Having returned from the fourth Precision Farming Dealer Summit last week in Indianapolis, I’ve had an opportunity to reflect on a few of the highlights.
The sold-out conference drew more than 170 attendees including representatives from 69 dealerships throughout 26 states, along with Australia and Canada. With a theme of Building Business Value with Recurring Revenue, the event featured conversations on how to incorporate agronomic offerings for profit, reinforcing the return on investment approach to selling services and leveraging long-term trust of customers for recurring revenue.
One of the most talked-about sessions looked at creating a culture of advancement and growth within a precision dealership. Skip Klinefelter, owner of Linco-Precision in El Paso, Ill., noted during his opening general session that success and survival of precision dealers will require continuous collaboration and internal problem-solving — both of which are cornerstones of stability.
“In our company, everyone is invited to bring anything to the table they want. We have an hour-long meeting that we schedule. We do have trainings that last longer than that, but it either half an hour or an hour — usually it’s an hour meeting when we pull the remote salesmen in. We publish an agenda and we stick to it. When you come to the meeting with an issue or problem, you are welcome to bring anything you want to the table. But you are not welcome to bring it there without an answer. I don’t care if you only have a complaint, try to have a solution for it.”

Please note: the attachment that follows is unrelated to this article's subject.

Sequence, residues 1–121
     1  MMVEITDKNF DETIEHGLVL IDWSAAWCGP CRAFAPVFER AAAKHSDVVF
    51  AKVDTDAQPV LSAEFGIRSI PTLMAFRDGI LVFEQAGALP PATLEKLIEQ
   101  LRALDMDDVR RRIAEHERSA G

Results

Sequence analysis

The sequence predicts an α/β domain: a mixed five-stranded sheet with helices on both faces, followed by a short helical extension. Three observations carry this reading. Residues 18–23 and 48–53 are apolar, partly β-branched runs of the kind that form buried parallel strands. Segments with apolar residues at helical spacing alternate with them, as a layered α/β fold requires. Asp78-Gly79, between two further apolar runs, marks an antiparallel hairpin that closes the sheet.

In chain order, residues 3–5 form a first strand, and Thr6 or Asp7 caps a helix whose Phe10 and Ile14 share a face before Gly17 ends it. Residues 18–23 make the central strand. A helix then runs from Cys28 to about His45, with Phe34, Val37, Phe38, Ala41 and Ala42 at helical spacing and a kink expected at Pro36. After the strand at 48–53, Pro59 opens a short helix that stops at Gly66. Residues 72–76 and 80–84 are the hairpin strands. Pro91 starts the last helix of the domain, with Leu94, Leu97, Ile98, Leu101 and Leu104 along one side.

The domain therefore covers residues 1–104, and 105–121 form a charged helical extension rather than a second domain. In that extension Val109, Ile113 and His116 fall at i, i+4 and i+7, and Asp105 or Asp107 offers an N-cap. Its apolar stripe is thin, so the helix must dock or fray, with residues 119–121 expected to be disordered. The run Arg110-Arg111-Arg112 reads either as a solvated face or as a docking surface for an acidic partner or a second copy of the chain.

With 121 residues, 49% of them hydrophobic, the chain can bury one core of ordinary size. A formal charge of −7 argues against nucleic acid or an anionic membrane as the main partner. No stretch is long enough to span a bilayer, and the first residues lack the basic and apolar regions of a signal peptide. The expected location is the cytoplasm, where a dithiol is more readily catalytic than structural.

Look for extended coverage of these takeaways and more from the Summit in the Winter issue of Precision Farming Dealer and the March edition of Farm Equipment magazine.
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